17 Quack Cures Still Used Today

Modern medicine has come a long way since the days of bloodletting and leeching and continues to make incredible advancements every day. Despite the incredible array of effective treatments available to us, “quack cures” that aren’t supported by the scientific method are still commonly used. Although some may have a placebo effect, experts say these folk treatments do more harm than good, as they can prevent people from seeking effective treatment to combat their very real illnesses.

Here are 17 quack cures, therapies and practices to watch out for:

Sungazing

The sun gives us light and warmth and makes life on earth possible, so it’s no wonder the ancients believed it also had healing properties. Turns out that despite knowing what we know now — namely that the sun is a sizzling scare ball that shouldn’t be looked at or basked in for too long — the ancient art of sun-gazing is experiencing a modern revival.

That’s right; people stare into the sun and claim that it gives them enough nutrients so that they no longer have to ingest food. Maybe it’s easier to diet when you can’t see the fridge?

dotshock / Shutterstock.com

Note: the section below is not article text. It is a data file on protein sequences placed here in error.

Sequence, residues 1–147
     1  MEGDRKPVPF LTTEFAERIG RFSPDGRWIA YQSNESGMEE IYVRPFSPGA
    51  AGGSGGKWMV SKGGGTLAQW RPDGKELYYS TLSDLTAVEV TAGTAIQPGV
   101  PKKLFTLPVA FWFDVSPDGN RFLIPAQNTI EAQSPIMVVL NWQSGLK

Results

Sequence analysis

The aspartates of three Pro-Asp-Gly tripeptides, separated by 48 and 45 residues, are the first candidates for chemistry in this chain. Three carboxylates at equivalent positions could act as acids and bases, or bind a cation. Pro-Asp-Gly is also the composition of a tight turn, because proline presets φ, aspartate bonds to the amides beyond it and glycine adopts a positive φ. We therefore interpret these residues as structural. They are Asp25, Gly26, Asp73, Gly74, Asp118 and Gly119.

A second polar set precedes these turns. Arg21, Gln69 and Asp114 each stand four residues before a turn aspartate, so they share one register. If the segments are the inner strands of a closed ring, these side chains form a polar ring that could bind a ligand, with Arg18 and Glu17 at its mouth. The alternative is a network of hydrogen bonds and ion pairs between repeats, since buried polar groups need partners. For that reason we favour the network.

dotshock / Shutterstock.com

Colorpuncture

While research has found that colors can affect our moods and behavior, can they really heal us from the inside out?

Colorpuncture is a form of alternative medicine that involves using different colors of light to stimulate acupuncture points. Alternative medicine watchdog group Quackwatch lists this emerging therapy as a “questionable treatment,” but Olivia Newton John’s compelling infomercial testimonial (which she totally didn’t do just the for money) might sway you to give it a try.

Conversion therapy

In spite of what Pyramid-expert and former Republican presidential candidate Ben Carson might think, being gay is not a choice and there’s plenty of science and personal testimony to support it. Sadly, gay conversion therapy, which is said to “cure” homosexuality, is still rampant in America and beyond. The American Psychological Association has called conversion therapy “harmful” and laws banning such treatments have even been rolled out in some states.

Alta Oosthuizen / Shutterstock.com
Alta Oosthuizen / Shutterstock.com
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